A sorry robber has returned the cash he stole from a Eureka, California, gas station and issued an apology.
Cyle Warren Abbott, Jr., 23, told officers he needed cash so he could leave town for a fresh start. However, on his way out, he realized what a big mistake he was making and decided to call the whole thing off.
Abbott initially entered the gas station and demanded cash while brandishing what appeared to be a semi-automatic handgun. The clerk complied with Abbott’s demands, and he also snatched two bottles of beer for the trip.
About three hours later, Fox News reports, he returned, “giving back most of the cash and saying he was sorry.”
The weapon, which was not recovered, is a BB gun, Abbott claims. He was booked and remains in jail with the order for a $50,000 bail.
In a separate report from the Santa Rosa Press Democrat, Abbott said he “tossed [the BB gun] in a grassy area on the west side of California Street near West Clark Street while fleeing the gas station,” the site reports, adding, “Police said he took officers to the spot where he tossed the gun, but it could not be located.”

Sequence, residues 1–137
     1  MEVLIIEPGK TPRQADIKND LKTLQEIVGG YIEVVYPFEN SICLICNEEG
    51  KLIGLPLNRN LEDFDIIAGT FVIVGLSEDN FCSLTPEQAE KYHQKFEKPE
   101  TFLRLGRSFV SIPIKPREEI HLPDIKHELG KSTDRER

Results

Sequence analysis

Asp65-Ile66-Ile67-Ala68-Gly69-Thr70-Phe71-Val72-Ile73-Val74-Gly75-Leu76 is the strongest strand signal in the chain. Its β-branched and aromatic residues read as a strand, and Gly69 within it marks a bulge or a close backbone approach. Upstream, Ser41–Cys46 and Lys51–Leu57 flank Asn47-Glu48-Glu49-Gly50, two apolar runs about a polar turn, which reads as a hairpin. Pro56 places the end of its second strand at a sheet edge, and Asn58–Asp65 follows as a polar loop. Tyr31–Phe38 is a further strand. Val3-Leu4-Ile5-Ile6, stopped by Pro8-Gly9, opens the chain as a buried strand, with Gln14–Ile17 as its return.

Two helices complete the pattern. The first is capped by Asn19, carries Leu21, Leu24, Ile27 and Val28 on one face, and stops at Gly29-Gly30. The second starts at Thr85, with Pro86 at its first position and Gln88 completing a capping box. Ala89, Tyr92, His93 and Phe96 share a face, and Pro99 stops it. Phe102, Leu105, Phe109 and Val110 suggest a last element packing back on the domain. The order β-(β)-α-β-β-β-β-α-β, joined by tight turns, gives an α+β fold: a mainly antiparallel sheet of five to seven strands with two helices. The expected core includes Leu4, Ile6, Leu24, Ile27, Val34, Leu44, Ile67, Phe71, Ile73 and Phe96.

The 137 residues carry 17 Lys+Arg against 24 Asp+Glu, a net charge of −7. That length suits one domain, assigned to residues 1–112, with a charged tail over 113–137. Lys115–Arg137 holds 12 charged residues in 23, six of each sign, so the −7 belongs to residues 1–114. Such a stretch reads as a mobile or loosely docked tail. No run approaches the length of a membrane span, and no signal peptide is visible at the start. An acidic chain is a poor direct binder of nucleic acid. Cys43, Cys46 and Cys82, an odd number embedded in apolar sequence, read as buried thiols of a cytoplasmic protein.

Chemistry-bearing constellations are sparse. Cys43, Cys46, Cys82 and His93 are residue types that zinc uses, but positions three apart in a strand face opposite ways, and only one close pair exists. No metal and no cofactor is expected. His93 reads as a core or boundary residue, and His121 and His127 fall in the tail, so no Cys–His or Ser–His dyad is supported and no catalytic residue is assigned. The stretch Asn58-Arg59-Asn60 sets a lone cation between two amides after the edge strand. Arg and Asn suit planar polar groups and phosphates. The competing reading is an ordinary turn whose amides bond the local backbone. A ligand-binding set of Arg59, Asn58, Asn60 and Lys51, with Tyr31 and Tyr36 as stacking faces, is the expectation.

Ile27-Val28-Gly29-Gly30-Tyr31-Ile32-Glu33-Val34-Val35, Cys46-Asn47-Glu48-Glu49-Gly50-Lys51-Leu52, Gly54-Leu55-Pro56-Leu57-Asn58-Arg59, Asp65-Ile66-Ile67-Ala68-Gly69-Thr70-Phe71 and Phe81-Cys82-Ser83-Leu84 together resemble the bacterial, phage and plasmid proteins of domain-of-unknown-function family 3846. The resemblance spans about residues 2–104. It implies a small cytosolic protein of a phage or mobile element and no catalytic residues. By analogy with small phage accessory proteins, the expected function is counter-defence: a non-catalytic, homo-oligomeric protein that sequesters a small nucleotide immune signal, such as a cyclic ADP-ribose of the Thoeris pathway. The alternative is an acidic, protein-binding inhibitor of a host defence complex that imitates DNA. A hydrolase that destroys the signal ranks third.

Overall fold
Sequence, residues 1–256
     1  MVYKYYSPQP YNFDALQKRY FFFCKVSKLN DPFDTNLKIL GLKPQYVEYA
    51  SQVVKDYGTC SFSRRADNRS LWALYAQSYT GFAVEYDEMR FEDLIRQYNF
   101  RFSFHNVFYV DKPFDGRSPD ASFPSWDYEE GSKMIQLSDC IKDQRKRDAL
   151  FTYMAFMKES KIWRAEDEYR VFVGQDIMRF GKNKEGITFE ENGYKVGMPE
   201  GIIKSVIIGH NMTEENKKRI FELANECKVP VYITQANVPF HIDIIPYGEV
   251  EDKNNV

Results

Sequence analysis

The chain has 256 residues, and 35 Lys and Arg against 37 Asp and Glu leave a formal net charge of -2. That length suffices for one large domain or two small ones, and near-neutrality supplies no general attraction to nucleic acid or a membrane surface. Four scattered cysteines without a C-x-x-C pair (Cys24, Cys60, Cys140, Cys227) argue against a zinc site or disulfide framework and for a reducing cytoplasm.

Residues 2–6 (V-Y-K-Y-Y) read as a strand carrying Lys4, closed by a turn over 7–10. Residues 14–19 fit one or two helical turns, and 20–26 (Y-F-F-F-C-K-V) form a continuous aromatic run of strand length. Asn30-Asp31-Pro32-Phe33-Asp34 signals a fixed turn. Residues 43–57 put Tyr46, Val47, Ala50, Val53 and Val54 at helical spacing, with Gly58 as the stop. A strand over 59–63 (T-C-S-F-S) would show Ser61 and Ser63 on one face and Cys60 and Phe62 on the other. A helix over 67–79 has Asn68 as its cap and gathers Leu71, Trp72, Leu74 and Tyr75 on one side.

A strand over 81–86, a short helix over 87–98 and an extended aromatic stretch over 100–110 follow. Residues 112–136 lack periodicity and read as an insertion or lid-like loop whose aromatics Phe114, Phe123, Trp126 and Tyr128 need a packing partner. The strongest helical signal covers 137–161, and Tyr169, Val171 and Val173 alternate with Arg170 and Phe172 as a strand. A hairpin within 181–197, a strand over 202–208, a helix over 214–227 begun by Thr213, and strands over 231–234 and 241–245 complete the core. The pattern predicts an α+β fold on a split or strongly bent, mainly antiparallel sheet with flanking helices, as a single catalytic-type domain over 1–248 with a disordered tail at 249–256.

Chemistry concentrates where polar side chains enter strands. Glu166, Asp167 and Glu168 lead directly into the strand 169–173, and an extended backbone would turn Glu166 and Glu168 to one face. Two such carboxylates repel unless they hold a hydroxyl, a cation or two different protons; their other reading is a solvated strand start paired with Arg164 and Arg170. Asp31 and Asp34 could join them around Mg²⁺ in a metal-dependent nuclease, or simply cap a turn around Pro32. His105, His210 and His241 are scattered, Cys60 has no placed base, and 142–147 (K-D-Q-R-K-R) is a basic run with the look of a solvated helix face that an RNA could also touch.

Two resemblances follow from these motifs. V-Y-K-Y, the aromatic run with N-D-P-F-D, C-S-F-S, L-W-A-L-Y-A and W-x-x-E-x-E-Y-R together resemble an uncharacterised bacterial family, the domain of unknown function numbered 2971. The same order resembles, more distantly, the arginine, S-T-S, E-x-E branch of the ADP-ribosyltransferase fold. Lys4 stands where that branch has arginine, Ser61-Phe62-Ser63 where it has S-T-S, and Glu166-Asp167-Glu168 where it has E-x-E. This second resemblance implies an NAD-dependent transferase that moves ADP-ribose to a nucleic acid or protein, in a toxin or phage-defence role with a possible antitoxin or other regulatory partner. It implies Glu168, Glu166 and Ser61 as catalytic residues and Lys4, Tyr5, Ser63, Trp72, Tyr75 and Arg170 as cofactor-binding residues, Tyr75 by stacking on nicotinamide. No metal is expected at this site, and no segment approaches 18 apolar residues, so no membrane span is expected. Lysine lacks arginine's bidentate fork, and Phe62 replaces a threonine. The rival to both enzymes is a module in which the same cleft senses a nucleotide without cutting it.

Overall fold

The Democrat has Abbott being booked into the Humboldt County Correctional Facility and arrested on suspicion of robbery and a probation violation. They also confirmed the $50,000 bail amount and said that anyone with information concerning the incident, including the location of the pistol, should report their findings to the Eureka Police Department.
While criminals can have a change of heart similar to Abbott, it’s exceedingly rare. In fact, the most similar case to this in our database involved money stolen from an elderly widow, but in that instance, it wasn’t the thief who returned the funds but his young son.
In that case, Christian Lunsford, the robber’s 15-year-old son, tried to undo the wrong his father had done. He asked to meet the woman at the First Baptist Church.
And he did. He apologized and went beyond that, giving Herndon $250 his father had recently given him for a trip.
The teen not only returned the money, doing the right thing, but he also said he was not surprised to learn his dad was responsible for her mugging.
“When I found out this whole situation, I didn’t know if it was hers or his or how — I just knew I needed to give the money to her.”
In the case of the sorry robber in Eureka, do you think he should be prosecuted to the fullest extent of the law or shown leniency?
[Image via ShutterStock]